in several thousand dollars' worth of work. Must have pretty much
          made the whole year for the folks who started earlier.
          But I don't think I'd ever agree to work for only one agency--too
          much like being an employee. I don't think I'd agree not to work for
          the same end client for different agencies either, since I'd hate to
          be cut off if the agency does something to screw up their
          relationship with the client.

          Michael

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          BLUE DANUBE international communication services
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        • Jirka Bolech
          ... I wonder if more views will be posted. Jirka Bolech
          Message 4 of 27 , Sep 1, 2000
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            Michael Grant wrote:

            > Two years is about the maximum I'd accept. Remember, that's two years
            > after you stop working for that agency.

            I wonder if more views will be posted.

            Jirka Bolech
          • JPKIRCHNER@aol.com
            ... Well, to me, if the agency messes up and loses the client, then that should mean out of the exclusivity agreement. Jamie
            Message 5 of 27 , Sep 1, 2000
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              In a message dated 9/1/00 3:28:47 PM, mgrant@... writes:

              >I don't think I'd agree not to work for
              >the same end client for different agencies either, since I'd hate to
              >be cut off if the agency does something to screw up their
              >relationship with the client.

              Well, to me, if the agency messes up and loses the client, then that should
              mean out of the exclusivity agreement.

              Jamie
            • Michael Grant
              ... Maybe it should. The thing is, you usually never know when you ve lost a client, you just don t hear from them again. Michael -- BLUE DANUBE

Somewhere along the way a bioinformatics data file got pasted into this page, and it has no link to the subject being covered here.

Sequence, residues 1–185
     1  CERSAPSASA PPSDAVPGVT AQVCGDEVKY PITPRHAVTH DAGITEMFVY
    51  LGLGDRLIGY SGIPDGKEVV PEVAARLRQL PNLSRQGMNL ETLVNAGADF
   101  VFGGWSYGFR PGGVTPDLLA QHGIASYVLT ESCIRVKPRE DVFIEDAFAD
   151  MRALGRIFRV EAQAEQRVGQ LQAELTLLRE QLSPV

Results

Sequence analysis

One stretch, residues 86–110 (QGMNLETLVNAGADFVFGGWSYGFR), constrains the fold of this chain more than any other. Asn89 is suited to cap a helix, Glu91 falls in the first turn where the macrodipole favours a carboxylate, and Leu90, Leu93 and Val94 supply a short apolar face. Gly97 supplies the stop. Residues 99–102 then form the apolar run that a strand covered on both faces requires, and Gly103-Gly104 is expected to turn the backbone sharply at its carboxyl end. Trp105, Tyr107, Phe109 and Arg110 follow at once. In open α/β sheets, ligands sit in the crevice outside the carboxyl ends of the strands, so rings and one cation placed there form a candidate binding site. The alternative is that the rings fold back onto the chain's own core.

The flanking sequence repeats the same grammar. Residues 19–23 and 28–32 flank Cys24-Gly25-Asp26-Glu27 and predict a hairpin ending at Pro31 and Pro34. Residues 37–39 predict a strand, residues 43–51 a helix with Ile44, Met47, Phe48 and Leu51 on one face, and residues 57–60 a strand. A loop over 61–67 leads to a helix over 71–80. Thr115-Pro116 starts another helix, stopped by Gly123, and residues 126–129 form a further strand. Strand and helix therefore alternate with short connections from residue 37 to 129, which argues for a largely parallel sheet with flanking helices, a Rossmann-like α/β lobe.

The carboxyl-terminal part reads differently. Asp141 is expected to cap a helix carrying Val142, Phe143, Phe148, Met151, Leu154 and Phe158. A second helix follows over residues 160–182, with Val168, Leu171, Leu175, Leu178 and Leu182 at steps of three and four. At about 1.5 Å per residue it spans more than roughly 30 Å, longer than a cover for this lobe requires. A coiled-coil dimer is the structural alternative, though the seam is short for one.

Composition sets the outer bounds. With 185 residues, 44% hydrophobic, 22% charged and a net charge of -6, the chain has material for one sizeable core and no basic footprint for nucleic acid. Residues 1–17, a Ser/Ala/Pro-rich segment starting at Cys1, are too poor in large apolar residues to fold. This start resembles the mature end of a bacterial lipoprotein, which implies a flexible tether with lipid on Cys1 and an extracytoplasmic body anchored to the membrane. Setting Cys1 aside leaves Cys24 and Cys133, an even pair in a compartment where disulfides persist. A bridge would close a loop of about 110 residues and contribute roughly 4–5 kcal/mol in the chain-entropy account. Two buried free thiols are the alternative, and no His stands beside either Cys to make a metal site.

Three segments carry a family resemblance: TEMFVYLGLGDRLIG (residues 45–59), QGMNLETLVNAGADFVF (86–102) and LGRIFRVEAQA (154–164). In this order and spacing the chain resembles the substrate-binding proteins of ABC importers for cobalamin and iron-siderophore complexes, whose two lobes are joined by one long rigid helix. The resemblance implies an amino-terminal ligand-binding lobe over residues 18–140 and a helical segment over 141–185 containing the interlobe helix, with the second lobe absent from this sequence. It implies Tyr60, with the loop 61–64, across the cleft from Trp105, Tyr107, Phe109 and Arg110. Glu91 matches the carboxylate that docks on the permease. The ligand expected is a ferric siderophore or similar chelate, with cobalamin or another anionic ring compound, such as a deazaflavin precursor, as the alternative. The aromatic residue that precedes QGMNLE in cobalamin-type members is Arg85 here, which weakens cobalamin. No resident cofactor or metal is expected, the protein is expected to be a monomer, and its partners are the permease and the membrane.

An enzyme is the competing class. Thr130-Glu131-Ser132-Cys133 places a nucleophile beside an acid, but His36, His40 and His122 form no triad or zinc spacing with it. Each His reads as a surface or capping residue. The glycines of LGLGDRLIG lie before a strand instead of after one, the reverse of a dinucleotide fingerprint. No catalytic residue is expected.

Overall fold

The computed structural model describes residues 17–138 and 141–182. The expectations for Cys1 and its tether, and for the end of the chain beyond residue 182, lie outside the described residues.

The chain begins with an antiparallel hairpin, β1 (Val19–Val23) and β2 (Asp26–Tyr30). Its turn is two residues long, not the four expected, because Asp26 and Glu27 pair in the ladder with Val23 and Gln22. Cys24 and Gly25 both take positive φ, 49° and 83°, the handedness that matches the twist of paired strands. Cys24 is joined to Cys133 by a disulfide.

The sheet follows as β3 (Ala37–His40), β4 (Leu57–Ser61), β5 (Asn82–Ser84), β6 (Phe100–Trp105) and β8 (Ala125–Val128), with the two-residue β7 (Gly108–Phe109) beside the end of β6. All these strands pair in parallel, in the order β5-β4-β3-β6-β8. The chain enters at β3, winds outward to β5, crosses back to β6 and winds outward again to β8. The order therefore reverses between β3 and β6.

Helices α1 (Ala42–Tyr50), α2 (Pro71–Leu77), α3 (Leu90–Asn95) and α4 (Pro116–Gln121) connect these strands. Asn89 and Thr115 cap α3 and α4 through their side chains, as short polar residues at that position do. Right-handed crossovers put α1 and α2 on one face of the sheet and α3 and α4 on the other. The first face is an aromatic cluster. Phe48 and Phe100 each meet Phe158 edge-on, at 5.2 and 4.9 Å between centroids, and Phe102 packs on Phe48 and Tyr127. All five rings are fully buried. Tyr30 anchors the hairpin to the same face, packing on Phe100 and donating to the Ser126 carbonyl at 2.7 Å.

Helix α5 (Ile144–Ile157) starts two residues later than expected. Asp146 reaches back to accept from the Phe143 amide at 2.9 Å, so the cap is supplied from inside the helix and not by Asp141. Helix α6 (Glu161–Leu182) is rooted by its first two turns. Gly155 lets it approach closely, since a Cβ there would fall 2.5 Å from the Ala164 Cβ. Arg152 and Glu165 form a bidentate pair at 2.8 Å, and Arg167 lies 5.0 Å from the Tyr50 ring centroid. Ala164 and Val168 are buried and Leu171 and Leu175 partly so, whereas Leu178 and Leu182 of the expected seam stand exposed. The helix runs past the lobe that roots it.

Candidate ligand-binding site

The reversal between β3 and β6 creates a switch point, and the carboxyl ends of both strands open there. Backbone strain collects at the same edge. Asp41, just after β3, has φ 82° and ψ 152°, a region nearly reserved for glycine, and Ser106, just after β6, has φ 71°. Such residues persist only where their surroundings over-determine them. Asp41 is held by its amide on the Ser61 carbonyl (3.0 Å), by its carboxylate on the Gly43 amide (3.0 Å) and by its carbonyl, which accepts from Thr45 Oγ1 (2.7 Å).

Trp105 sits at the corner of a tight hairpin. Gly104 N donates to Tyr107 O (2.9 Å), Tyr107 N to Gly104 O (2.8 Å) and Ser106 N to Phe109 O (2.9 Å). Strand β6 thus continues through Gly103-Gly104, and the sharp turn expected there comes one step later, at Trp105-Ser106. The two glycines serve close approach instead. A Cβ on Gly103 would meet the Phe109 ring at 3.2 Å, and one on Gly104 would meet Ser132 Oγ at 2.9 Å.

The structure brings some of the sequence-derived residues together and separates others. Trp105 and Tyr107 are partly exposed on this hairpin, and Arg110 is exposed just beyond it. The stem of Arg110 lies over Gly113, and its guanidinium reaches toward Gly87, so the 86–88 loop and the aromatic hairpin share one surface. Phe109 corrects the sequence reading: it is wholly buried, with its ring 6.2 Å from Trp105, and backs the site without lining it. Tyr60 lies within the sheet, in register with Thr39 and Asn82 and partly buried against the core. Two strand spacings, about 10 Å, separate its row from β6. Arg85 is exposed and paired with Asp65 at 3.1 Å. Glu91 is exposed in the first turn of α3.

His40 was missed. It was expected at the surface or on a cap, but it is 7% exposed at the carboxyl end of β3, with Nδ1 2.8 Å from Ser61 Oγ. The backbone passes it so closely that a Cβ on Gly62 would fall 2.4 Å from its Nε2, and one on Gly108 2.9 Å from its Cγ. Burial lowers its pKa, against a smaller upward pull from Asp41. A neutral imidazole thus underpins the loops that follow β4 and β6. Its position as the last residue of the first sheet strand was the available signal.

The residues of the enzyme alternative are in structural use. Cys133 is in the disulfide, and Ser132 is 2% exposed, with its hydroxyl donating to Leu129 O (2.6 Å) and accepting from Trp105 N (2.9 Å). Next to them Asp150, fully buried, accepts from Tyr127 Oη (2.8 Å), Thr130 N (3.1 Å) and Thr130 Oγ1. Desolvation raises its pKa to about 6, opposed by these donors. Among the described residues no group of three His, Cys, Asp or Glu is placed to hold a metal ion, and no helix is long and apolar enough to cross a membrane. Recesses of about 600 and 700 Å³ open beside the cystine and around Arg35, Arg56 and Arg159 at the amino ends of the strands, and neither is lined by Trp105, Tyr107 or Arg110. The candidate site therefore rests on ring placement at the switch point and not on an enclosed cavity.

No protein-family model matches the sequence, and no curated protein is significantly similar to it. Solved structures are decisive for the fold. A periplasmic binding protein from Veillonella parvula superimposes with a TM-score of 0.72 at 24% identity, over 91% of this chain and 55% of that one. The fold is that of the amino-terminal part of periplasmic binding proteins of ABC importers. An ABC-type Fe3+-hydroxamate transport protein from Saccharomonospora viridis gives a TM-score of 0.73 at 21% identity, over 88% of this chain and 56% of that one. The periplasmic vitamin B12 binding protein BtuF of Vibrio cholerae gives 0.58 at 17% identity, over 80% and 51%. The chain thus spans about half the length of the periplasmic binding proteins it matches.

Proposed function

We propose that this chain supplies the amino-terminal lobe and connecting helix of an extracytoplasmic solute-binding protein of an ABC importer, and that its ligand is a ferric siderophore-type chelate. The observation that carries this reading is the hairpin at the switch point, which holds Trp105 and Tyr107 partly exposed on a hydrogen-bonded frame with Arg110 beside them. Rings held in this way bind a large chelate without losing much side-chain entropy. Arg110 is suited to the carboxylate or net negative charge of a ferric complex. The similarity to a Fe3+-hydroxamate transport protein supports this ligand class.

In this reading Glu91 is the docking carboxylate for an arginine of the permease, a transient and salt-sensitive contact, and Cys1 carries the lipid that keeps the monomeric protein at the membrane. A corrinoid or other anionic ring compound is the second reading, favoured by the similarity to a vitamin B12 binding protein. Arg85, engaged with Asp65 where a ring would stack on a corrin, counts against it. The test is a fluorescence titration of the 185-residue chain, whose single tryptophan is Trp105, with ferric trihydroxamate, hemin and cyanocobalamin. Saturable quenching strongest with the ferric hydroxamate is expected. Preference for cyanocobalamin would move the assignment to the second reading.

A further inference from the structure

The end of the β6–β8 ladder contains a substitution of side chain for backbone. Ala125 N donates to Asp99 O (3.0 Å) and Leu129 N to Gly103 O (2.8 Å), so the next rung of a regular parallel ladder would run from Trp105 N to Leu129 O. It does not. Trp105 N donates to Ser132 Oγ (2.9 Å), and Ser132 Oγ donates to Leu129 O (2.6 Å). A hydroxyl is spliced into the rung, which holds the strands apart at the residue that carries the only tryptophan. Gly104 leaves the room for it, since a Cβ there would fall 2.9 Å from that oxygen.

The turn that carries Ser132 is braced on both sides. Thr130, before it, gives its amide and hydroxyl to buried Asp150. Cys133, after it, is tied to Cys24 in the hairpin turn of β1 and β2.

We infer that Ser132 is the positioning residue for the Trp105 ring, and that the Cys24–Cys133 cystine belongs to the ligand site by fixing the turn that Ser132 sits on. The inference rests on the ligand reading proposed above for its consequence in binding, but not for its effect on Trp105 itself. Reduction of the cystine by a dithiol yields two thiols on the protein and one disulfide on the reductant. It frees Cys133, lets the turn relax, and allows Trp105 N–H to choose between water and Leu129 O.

Message 6 of 27 , Sep 1, 2000
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                >Well, to me, if the agency messes up and loses the client, then that should
                >mean out of the exclusivity agreement.

                Maybe it should. The thing is, you usually never know when you've
                "lost" a client, you just don't hear from them again.

                Michael

                --
                BLUE DANUBE international communication services
                The Central and East European Language Source!
                <http://www.bdanube.com>, <mailto:bdanube@...>
                Tel. (+1-512) 336-8911, Fax (+1-512) 336-8954
              • JPKIRCHNER@aol.com
                ... But on a very long project that some people may have cleared time for, some agencies will tell you that they have lost the project to someone else. This
                Message 7 of 27 , Sep 2, 2000
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                  In a message dated 9/2/00 9:18:17 AM, mgrant@... writes:

                  >>Well, to me, if the agency messes up and loses the client, then that should
                  >>mean out of the exclusivity agreement.
                  >
                  >Maybe it should. The thing is, you usually never know when you've
                  >"lost" a client, you just don't hear from them again.

                  But on a very long project that some people may have cleared time for, some
                  agencies will tell you that they have lost the project to someone else. This
                  has happened to me before.

                  Jamie